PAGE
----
StarlightMap.gif The Starlight runs between Los Angeles and and Seattle, with great scenery along the coast from Ventura to north of Santa Barbara, and a spectacular crossing of Oregon's Cascade Range east of Eugene, OR. The Starlight runs at night from the Bay Area to Klamath Falls, OR, so you'll miss the great scenery around Mt. Shasta unless you travel during summer solstice. The Starlight leaves Davis at 11:33pm northbound to Seattle (arriving the next day at 8:45pm) and at 6:50am south to Los Angeles (arriving the same day at 9pm). Astute observers will note that this is a 14 hour train ride instead of a 6 hour drive, but you might also note that 1) you're not driving, 2) you're on the coast where track is curvy and scenery great. Major stops include Santa Barbara, San Luis Obispo, San Jose, Oakland, Sacramento, Redding, Klamath Falls OR, Eugene OR, Portland OR, Olympia WA, and Seattle WA. With a connecting bus north to Vancouver BC (another 4 hours). Timetable and Route Guide can be downloaded from here [WWW]

Typical fares (bought a week in advance, as of Dec 2013)

Tips for long-distance travel.

Why take use Amtrak for long distance travel?
While trains are slower than airplanes, they have definite advantages.

If you've never taken a long train trip in the US, you're fortunate to be living in Davis. Davis is a great place to start a long trip

Power for laptops and other electronic devices on Long Distance Trains

Privacy Considerations and Other Policies

Amtrak [WWW]requires all of its adult passengers to show government-issued photo ID when asked, and they will actually go so far as to enter in your ID number (driving license, state ID, passport) into their computer system if you buy from a human at the counter. Security expert Bruce Schneier [WWW]explains why this is silly. You probably can't avoid being forced to show your ID without being branded a terrorist (because, as we all know, only terrorists refuse to show ID) but you can avoid having your ID number entered in to their computer system if you purchase tickets online or from the kiosks. The staff on the long distance routes are far more likely to ask for your ID than the staff on the Capital Corridor.

Of course, you'll be expected to show ID if you choose to purchase alcohol from the snack bar. You're not allowed to bring your own personal alcohol on the train, but it's doubtful they'll notice if it's one of the same brands (which include Sierra Nevada and Corona).

Amtrak restricts photography and 'first amendment activities' on its property without proper permits. Though seemingly rarely enforced, these policies could be used against you so be aware!


CapCor.jpgpassengers are waiting to board a westbound Capitol Corridor train to Oakland with a bus connection to San Francisco amtrak_past_gardens.jpgAn Amtrak train rushes along the tracks past the Solano Park Gardens. Photo from September 2005.

Getting to San Francisco

There are a couple different options for getting to San Francisco via Amtrak (which are both relatively the same price):

Getting to Yosemite National Park

Amtrak is a great way to get to Yosemite to have an adventure. The trip requires a minimum of two transfers. Riders pick up the Amtrak bus at the Davis station, swing through Sacramento and then transfer to a train in Stockton. Disembarking in Merced, you will move a few steps on to a [WWW]YARTS bus that takes you to Yosemite Lodge in Yosemite Valley. The morning YARTS bus is usually a tour bus for [WWW]Grayline Tours so you get to listen to the tour guide for free. The entire trip takes a minimum of 5 hours (6+ hours being typical if one has to wait for transfers). Included in the cost is the park entrance fee ($20 per vehicle) which can be seen as a substantial discount to travel. Amtrak charges $41 (one way) if you book the entire trip through them. You can save money by purchasing the Amtrak and YARTS legs separately. Amtrak to/from Merced costs $25 and the YARTS ride will set you back $10 for a savings of $6 each way.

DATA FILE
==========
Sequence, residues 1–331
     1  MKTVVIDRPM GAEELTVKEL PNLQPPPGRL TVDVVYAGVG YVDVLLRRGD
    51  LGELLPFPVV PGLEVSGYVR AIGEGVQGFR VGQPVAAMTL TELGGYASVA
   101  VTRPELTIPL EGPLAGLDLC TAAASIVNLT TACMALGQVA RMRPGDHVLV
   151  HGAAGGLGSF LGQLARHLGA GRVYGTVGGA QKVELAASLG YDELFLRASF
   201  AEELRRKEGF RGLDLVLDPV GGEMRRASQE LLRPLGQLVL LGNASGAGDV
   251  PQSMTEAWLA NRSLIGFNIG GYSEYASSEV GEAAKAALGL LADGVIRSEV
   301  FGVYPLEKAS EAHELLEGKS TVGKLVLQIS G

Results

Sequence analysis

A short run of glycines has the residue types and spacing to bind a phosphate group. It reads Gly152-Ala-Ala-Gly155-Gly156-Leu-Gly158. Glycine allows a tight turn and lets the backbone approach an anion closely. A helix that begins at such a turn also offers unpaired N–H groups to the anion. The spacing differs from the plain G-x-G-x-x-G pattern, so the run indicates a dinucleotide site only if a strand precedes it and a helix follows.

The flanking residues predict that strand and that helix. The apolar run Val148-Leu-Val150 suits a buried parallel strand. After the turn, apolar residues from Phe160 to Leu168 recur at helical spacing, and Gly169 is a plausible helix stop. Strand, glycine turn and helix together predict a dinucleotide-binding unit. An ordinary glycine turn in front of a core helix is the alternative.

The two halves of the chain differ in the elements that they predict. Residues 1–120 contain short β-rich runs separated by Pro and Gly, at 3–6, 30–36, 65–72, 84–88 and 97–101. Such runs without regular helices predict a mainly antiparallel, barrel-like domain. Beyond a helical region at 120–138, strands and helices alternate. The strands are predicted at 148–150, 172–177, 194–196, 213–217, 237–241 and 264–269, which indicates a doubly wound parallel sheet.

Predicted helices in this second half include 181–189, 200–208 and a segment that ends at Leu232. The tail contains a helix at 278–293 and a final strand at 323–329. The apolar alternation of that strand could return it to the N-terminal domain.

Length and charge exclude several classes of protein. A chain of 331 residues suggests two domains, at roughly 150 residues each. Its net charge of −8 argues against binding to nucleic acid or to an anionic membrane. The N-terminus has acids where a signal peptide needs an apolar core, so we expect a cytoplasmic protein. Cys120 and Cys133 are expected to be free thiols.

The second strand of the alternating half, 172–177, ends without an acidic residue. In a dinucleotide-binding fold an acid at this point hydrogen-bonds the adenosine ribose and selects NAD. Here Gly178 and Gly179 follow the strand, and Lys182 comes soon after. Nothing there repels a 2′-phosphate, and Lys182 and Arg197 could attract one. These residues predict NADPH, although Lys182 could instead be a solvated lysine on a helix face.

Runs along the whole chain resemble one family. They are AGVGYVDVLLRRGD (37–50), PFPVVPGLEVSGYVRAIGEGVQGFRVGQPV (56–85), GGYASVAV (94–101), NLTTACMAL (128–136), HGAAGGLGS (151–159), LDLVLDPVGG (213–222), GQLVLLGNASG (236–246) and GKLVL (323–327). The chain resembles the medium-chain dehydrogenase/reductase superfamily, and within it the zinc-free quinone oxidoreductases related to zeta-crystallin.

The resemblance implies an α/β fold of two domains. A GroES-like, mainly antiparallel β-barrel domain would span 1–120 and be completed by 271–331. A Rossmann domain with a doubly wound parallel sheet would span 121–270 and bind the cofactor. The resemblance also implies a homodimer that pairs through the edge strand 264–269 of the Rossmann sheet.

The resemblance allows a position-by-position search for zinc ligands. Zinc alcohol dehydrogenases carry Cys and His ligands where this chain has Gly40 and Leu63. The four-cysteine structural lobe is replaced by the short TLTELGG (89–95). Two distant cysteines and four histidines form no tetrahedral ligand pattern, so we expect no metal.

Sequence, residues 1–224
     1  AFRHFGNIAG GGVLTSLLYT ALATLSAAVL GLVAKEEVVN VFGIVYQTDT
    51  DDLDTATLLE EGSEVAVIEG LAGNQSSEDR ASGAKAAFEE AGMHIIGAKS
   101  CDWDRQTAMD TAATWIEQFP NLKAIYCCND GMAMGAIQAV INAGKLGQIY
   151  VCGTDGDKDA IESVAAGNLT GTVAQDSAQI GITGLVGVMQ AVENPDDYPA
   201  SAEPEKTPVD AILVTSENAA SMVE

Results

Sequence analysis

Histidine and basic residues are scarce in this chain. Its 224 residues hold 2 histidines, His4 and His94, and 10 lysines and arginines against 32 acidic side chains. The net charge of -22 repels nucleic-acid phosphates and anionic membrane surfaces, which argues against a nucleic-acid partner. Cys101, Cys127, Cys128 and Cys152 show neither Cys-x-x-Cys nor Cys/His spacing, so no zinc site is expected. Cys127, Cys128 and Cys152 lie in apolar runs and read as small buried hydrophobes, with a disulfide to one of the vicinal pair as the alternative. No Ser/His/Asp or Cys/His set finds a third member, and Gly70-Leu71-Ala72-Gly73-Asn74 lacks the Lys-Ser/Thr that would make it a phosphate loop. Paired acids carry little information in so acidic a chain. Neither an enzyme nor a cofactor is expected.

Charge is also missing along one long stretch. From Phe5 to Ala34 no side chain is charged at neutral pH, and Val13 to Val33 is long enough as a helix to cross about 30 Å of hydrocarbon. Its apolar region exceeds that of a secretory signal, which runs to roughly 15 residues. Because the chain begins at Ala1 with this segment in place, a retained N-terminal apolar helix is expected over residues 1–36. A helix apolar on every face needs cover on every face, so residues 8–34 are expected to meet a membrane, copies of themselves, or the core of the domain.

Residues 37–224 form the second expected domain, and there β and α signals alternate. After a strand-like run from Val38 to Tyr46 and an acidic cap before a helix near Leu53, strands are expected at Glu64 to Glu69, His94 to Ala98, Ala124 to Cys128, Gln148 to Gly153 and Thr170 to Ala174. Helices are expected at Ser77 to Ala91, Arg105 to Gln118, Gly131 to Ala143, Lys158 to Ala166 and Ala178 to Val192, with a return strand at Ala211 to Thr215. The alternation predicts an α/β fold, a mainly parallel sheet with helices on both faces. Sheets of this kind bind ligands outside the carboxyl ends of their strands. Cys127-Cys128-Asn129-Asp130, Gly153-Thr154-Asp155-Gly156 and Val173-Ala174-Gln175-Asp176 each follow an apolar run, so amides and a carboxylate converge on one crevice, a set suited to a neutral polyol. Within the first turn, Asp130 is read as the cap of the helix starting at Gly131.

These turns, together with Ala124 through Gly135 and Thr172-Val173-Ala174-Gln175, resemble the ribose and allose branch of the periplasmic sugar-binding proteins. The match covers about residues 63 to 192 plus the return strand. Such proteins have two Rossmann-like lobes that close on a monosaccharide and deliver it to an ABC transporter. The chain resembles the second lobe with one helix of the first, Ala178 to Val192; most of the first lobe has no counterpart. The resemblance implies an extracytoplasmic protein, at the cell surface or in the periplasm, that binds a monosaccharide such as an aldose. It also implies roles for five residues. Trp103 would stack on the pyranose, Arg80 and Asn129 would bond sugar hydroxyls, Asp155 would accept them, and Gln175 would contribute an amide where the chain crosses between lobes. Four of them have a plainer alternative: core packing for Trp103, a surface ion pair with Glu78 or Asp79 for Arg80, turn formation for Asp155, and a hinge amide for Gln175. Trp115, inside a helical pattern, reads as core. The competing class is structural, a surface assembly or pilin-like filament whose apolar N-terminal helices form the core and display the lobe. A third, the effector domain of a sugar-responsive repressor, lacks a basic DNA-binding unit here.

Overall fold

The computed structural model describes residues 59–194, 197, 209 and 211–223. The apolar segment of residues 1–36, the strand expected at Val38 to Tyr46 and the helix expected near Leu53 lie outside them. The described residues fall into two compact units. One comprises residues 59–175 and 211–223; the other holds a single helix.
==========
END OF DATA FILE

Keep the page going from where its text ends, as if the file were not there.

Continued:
Leaving Northern California

Amtrak also serves as a gateway to Southern California. The San Joaquin Route, via Sacramento, will take you as far as Bakersfield, where you can then connect to anywhere in Southern California via bus.

Rail Passes & Multi-Rides

Amtrak offers a "California Rail Pass" that allows someone to take 7 train trips in a 21 day period. The cost is $159 (as of 7/1/08) and can only be applied to journey segments within California. If you travel outside of California, then you can use the pass towards the segment of your journey that contains the last stop in California.

Amtrak also offers multi-ride and monthly pass tickets for the Capitol Corridor. As of 10/31/10 10 ride and monthly tickets between Sacramento and Davis cost $50 and $135, respectively. Between Davis and San Jose a 10 ride is $207 and a monthly is $498. Between Davis and Oakland (Jack London Square) a 10 ride is $140 and a monthly is $368. 10-ride tickets can be shared by multiple people traveling together, or at different times.

Advice from fellow travelers

This section needs to be modified given the increase in gas prices - the above estimation assumes $2/gallon gas and it is twice as much. The argument for using public transit has now shifted: whereas before it was mostly for reasons of principles and avoiding hassle, now we must include the fact that it is, indeed, cheaper.

The Capitol Corridor route has quite consistently been delayed, when I was aboard, between Richmond and Martinez (the portion of the route that follows the shoreline). I would advise anybody planning a trip between Davis and the Bay, on this line, to expect a journey 15-25 minutes longer than that which is advertised (1hr 10min, for Richmond<>Davis), for both directions. —LeonardMarque